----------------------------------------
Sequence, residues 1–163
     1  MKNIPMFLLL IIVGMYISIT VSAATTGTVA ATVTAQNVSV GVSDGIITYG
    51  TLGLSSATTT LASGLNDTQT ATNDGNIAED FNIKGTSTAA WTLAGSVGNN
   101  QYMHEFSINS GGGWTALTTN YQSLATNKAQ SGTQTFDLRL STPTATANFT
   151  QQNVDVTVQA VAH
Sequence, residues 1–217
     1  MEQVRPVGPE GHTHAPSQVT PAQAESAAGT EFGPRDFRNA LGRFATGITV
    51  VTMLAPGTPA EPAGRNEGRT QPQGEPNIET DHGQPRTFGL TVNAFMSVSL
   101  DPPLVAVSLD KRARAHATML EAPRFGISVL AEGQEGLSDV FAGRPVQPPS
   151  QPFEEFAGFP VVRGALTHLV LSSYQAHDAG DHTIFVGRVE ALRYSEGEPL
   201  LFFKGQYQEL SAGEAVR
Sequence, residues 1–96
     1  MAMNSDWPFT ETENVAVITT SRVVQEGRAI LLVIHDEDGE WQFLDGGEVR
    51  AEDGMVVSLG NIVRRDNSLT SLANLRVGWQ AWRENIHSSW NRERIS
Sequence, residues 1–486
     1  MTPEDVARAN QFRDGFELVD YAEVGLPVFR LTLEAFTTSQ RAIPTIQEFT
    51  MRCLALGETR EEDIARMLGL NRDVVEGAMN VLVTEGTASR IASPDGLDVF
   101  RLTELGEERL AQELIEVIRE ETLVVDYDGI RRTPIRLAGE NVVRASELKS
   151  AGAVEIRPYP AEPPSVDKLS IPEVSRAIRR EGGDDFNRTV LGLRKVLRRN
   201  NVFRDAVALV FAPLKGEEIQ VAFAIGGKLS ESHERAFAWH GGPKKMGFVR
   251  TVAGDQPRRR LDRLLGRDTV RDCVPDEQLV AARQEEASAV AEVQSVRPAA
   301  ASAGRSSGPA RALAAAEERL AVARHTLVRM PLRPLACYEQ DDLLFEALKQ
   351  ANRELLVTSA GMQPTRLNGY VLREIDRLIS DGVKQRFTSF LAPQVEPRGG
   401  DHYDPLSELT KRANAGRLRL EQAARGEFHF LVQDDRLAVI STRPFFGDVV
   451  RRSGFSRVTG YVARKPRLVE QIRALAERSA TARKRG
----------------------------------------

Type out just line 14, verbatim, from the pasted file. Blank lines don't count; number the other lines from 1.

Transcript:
    51  AEDGMVVSLG NIVRRDNSLT SLANLRVGWQ AWRENIHSSW NRERIS